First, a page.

The reason why lasers bounce off of mirrors has to do with the laws of reflection and refraction. The law of reflection states that when light reflects off a surface, it changes its direction by an angle equal to the one at which it hits the surface.
For example, if a beam of light hits a mirror perpendicularly, then the reflected beam hits a perpendicular plane as well.
The law of refraction, on the other hand, states that when light goes from one medium to another (for example, air to glass), it changes its direction by an angle proportional to the difference in indices of refraction and the distance traveled.
Since a laser is a beam of light and all beams do basically what reflection and refraction state above, they bounce off of mirrors.
This is summed up perfectly with Snell’s law.
Snell’s law states that, given an incident ray and a refracted ray, the ratio between their sines is equal to the ratio of their respective indices of refraction.
This law can be represented symbolically as sin(i) / sin(r) = n_(1)*n_(2), where i represents the incident ray, r represents the refracted ray, and n_(1) and n_(2) represent the indices of refraction for each medium.
In other words, when a beam from one medium hits a surface in another medium, it will either be reflected or transmitted at an angle that is equal to its incident angle. Since lasers are beams of light, they will either be reflected or refracted when they hit a surface.
If they are reflected, then these beams will bounce off of mirrors. If they are refracted, the beam will follow Snell’s law and either stay within the same medium or go to another medium with an angle equal to its incident angle.
Could a Laser go Through a Mirror?
If a laser is powerful enough, it will go through the mirror. If we think about Snell’s law again and how it can be represented as sin(i) / sin(r) = n_(1)*n_(2), then we can set i to 90 degrees (since this is perpendicular to the surface).
Thus, sin(90 degrees) = n_(2), and n_(2) can be written as 1.
Since we set i to 90 degrees, we will get the same value for r as sin(90): 1 (since sin(90)=1). This means that since r=1, if this was all done mathematically, the refracted ray would be the same as the incident ray, meaning that no refraction would occur.
This means that powerful lasers, will go through the mirror because there is no difference between their angles on either side of the surface.
To understand this even better, it can be said that if a laser’s power is so great to overcome the index of refraction, it will go through the mirror.
How Many Watts for a Laser to go Through a Mirror?
A laser would have to be 100 watts or more for it to go through a common mirror.
That’s a very powerful laser.
A common laser pointer outputs 5 milliwatts of power while a high-end laser can output 300-500 watts. A typical laser used for industrial purposes might output anywhere from 200 to 1000 watts. A 1000 watt focused beam of light would be able to cut through a number of materials, including steel.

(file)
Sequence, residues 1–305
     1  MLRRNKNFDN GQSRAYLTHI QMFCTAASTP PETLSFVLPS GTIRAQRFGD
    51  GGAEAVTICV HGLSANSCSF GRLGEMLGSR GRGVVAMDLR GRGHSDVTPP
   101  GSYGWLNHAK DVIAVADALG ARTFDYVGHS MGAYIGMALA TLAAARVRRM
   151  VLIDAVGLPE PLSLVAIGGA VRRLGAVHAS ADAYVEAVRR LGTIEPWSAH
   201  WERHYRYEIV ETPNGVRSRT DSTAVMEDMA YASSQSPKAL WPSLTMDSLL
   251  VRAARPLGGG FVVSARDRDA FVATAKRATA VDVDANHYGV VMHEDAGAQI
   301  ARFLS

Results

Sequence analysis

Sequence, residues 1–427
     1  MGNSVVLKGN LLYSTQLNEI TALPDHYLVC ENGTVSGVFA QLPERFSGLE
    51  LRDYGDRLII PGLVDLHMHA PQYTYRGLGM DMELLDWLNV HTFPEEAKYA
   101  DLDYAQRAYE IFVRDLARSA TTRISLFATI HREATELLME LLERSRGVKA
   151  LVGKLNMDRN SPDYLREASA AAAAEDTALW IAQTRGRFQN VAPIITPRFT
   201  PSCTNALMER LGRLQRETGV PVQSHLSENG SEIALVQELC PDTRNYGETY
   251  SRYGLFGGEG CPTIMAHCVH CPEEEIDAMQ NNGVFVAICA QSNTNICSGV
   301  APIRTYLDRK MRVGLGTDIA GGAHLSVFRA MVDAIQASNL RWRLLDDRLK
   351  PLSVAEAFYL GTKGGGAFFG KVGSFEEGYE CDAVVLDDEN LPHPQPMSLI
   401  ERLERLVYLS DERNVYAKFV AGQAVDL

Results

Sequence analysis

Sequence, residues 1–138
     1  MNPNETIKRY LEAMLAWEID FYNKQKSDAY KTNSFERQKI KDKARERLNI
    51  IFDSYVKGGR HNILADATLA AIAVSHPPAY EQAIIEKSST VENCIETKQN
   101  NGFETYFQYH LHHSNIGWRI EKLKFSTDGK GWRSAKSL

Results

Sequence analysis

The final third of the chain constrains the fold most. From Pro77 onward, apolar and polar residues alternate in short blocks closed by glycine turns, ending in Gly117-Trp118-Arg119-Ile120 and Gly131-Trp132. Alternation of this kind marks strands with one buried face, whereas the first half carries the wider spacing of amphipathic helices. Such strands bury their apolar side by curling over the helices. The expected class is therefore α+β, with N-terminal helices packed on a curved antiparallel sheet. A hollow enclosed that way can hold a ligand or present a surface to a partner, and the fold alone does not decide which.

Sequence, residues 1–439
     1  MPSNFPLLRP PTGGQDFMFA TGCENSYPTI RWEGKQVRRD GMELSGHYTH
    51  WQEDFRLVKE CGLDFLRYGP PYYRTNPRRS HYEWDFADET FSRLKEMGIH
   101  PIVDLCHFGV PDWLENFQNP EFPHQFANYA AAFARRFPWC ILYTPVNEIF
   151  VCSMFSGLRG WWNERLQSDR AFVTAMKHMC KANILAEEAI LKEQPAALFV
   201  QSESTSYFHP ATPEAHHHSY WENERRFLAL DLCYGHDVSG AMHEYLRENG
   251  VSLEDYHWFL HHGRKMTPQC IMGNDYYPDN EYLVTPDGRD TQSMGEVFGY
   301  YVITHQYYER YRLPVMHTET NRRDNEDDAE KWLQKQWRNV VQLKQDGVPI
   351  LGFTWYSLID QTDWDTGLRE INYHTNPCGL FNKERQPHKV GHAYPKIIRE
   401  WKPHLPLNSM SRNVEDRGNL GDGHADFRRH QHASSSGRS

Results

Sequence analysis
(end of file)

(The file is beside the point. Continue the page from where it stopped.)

Does a Mirror Absorb Energy from a Laser?
Yes, it does. When a laser bounces off of a mirror, some percentage of the light is absorbed by the mirror because mirrors can not completely reflect light.
Thus, if you think about this, there is more energy in the laser than what was received at the other side of the mirror since some energy went to powering the mirror.
The energy that was used to power the mirror goes out as heat, so there is less energy in the laser than what you initially fired.
Do Lasers Lose Power When bounced off of a Mirror?
Yes, lasers bounce off of mirrors with less power than what they had when they were initially fired. This occurs because the energy in the laser is conserved, but some is lost to powering the mirror.
Energy is lost through an increase in the index of refraction (which means that the beam needs more power to overcome this). The beam will bounce off, but with less intensity, than it had before.
Thus, there will be less power behind the beam after it hits a high index of refraction material.
More specifically, there is more energy lost in the laser because it requires more power to overcome higher indices of refraction, so some energy goes towards powering the mirror and not towards affecting the medium through which the beam travels.
A lower intensity laser will bounce off of a high index of refraction material more easily than a higher intensity laser.
As you now know a laser will reflect off mirrors because they can’t overcome the index of refraction, otherwise the laser will go through the mirror. The laser would have to be very powerful to accomplish that.
Here’s a very fascinating video where a laser pointer is used with a mirror and a speaker to show the shapes of different sounds.